Cormorant Control Approved for Lake Vermilion

Potato Island, Lake Vermilion, photo courtesy of Timberjay.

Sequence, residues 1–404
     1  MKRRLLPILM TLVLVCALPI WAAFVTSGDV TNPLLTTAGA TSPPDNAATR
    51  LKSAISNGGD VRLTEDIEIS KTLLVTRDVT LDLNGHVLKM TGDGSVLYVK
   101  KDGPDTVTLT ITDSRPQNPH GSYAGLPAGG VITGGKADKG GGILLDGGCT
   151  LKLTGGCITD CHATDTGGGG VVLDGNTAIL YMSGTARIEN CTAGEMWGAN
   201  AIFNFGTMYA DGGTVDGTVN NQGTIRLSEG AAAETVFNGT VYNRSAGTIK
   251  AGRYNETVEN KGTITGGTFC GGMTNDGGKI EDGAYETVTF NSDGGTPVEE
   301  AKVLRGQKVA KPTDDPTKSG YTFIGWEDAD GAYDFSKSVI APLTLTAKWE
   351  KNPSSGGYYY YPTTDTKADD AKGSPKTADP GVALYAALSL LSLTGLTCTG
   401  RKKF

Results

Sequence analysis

According to the Ely Timberjay newspaper the DNR recently announced their decision to kill up to 10% of the Double Crested Cormorants on Lake Vermilion, in Minnesota, this summer. In addition, cormorant eggs will be spread with vegetable oil to prevent them from hatching and at the same time not stimulate the birds to renest. Cormorant populations are skyrocketing in the Midwest. The Timberjay cites one example on Lake Vermilion’s Potato Island where there were 32 nests in 2004 and 424 nests in 2012. Anglers and Lake Vermilion lodge owners believe the increasing numbers of fish-eating cormorants will result in diminished game fish populations in the lake. The DNR has already recorded reduced numbers of perch in the lake which they believe could ultimately affect walleye populations. The Audubon Society of Minnesota believes Double-Crested Cormorants are often unfairly blamed for decreasing game fish populations and adamantly oppose cormorant control programs that have not been supported with data or sufficient study. They also believe that removing the protection of cormorants diminishes the scope of the Migratory Bird Treaty Act and sets a harmful precedent.

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